Jason Alleyne, FSA, FCIA, FIA, FRM
Fei Xie, Senior Manager, Scotiabank
“What is an actuary?”
If I had a loonie for every time I have been asked this question, I would be a retired actuary by now.
The short answer: An actuary is a professional who is an expert in putting a value on a financial transaction that is dependent on an uncertain future event, such as insurance.
Wondering how much to save for a comfortable retirement? That’s considered to be a very classical actuarial calculation. Another concrete example would be considering buying insurance, and determining if it is worth it.
In fact, an actuary is uniquely qualified, and required by Canadian federal regulation, to certify an insurer’s solvency as well as a pension plan’s funded status. Simply put: the actuary puts a value on risk.
Some questions actuaries might need to answer in their work are: What proportion of women will get breast cancer before they turn 50? Will medical advancement mean that more than half of the human population will live beyond age 100? How much more likely are smokers to die compared to non-smokers? Does a red car have more accidents than a grey car? What are the impacts to retirement income from investing in equity versus bonds? What are Heidi Klum’s legs worth? What is the value of an air mile point? Would another Icelandic volcano incident interrupt air travel in the next 50 years? Is the energy savings from green technology worth the cost?
Why We Need Actuaries
Let’s go back to our original question on saving for a comfortable retirement: is a 10 per cent savings rate enough? The simple answer is no. This rule of thumb first surfaced in the early 90’s, but there have been two primary factors since then that have influenced the value sharply upward. First, retirees are living longer than ever. Second, health care cost has outpaced CPI inflation.The average Canadian now lives the last 10 years of life in sickness. This means retirement planning needs to consider a longer period and more cost than ever before.
Employers have also reduced pension benefits in recent years or replaced pension promises with administration services for employee savings plans. It is noteworthy in a recent article in the Economist newspaper on the success of Nordic countries (in contrast to other Euro zone countries) which states that “in 1998, Sweden passed the most sweeping pension reform in any rich country, replacing a defined benefit system with a defined contribution one and bringing pensions more in line with lifetime incomes … In 2006, Denmark increased the state pension age from 65 to 67 …” This is noteworthy as defined contribution plans guarantee the upfront contributions, from which benefits are calculated based on retirement, based on current economic conditions.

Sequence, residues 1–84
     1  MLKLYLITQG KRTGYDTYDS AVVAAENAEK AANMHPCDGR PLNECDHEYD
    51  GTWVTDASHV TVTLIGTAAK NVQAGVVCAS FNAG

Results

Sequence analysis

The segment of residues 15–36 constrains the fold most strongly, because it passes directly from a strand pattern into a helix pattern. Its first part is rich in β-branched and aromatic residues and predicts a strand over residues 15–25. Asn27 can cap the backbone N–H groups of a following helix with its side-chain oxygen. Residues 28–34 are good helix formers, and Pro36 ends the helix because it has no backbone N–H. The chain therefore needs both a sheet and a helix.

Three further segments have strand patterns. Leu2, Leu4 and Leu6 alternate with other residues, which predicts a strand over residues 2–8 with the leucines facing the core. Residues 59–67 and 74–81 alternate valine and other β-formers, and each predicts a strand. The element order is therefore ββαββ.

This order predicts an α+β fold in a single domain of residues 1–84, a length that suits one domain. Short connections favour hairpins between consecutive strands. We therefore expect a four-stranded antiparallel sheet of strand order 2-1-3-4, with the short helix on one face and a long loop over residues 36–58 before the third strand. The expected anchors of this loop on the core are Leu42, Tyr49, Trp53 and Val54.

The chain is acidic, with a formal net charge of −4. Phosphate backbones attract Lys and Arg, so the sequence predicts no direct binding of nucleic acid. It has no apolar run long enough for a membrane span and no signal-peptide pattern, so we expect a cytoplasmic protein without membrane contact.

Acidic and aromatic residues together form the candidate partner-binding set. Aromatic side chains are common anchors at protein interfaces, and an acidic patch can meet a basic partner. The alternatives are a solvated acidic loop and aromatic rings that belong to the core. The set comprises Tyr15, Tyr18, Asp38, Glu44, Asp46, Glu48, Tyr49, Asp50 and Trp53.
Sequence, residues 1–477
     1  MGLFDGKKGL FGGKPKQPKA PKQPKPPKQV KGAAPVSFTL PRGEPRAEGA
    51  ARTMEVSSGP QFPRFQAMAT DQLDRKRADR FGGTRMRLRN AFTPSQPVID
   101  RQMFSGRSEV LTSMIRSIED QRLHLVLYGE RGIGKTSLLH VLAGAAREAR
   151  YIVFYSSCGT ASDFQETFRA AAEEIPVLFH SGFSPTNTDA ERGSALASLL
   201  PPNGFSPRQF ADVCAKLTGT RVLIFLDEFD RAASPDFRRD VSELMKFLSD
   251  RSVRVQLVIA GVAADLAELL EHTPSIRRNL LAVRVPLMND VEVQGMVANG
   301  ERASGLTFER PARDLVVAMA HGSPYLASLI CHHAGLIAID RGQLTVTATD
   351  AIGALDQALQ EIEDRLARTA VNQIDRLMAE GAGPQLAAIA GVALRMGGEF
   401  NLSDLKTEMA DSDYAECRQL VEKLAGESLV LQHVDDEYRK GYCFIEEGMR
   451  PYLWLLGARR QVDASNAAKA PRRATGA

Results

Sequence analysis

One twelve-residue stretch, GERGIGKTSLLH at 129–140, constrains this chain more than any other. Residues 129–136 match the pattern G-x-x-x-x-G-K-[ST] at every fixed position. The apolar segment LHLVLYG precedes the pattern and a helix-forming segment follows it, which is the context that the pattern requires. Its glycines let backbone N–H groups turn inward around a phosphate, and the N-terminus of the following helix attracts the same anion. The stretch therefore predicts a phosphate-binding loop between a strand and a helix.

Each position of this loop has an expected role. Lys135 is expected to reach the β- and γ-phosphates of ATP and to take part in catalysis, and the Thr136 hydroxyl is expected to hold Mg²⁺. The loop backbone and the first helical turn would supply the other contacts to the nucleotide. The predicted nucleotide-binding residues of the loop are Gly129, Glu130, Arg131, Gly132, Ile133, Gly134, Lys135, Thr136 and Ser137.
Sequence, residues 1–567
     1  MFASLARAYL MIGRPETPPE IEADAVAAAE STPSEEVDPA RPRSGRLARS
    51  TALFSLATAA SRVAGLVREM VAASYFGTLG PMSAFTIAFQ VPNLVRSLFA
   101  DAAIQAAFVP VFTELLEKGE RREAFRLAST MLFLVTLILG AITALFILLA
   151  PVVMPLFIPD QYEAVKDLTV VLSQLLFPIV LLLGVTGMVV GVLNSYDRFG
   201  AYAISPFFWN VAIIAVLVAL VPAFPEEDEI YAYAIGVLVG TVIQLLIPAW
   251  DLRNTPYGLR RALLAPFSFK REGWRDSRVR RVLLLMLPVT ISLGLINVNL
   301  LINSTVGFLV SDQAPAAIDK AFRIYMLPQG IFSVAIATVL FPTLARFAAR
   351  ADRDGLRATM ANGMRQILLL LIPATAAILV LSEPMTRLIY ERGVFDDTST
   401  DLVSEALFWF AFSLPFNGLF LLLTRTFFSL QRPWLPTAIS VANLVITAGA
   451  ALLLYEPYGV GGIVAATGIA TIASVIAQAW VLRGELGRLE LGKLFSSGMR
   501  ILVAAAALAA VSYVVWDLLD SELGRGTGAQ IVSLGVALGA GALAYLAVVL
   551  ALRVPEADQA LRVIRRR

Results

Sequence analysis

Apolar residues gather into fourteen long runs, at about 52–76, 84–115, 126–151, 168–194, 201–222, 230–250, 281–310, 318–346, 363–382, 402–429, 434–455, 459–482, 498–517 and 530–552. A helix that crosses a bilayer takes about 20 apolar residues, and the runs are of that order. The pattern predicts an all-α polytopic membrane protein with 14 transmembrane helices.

This is a great example of how finding better ways to manage limited financial resources is increasingly the focus of many actuaries. The world needs actuaries more than ever.
Determining Your Insurance Needs
Let’s consider our second common question: is insurance worth buying? Well, that depends on the type of insurance. First consider Life Insurance, which pays your beneficiary an amount when you die. This type of coverage has encountered two major forces: one, the general population is living longer. Two, the historically low level of interest rates means time has less impact on future values, making short-duration Life Insurance contracts extremely cheap, while so-called whole life contracts have recently increased in value.
How Insurance Is Changing
The Cost of Property and Casualty Insurance for commercial buildings, which offers protection against damage to property value and its occupants, has increased over recent years due to increased claims resulting from severe weather patterns and the threat of terrorism.
Personal Liability Insurance, such as home and auto, has generally been stable over many years, which has forced some of these insurers to expand into alternative arenas such as pet insurance.
Generally speaking, insurance is worth buying when the potential loss from an event would result in a bankruptcy or severe financial disruption to one’s own or dependents’ lives. Most, if not all, forms of insurance are a pooling of the collective ability of the community to withstand an individual’s mishap or single event.
To become an actuary requires the study of financial engineering, stochastic calculus, statistics, demography, economics, decision science, risk management, finance, investment valuation, health underwriting and management science through a series of professional exams approved by the Canadian Institute of Actuaries (CIA). Yes, the CIA. U.S. Immigration conversations are a bit tricky sometimes.
This “Ask an Actuary” corner is created and edited by Fellows of the CIA, FCIA. In carrying out its activities and programs, the CIA holds the duty of the profession to the public above the needs of the profession and its members. “Ask an Actuary” is to engage and inform the public on matters that make a difference in financial planning and to improve financial literacy. Visit us here weekly as we provide insight to See Beyond Risk.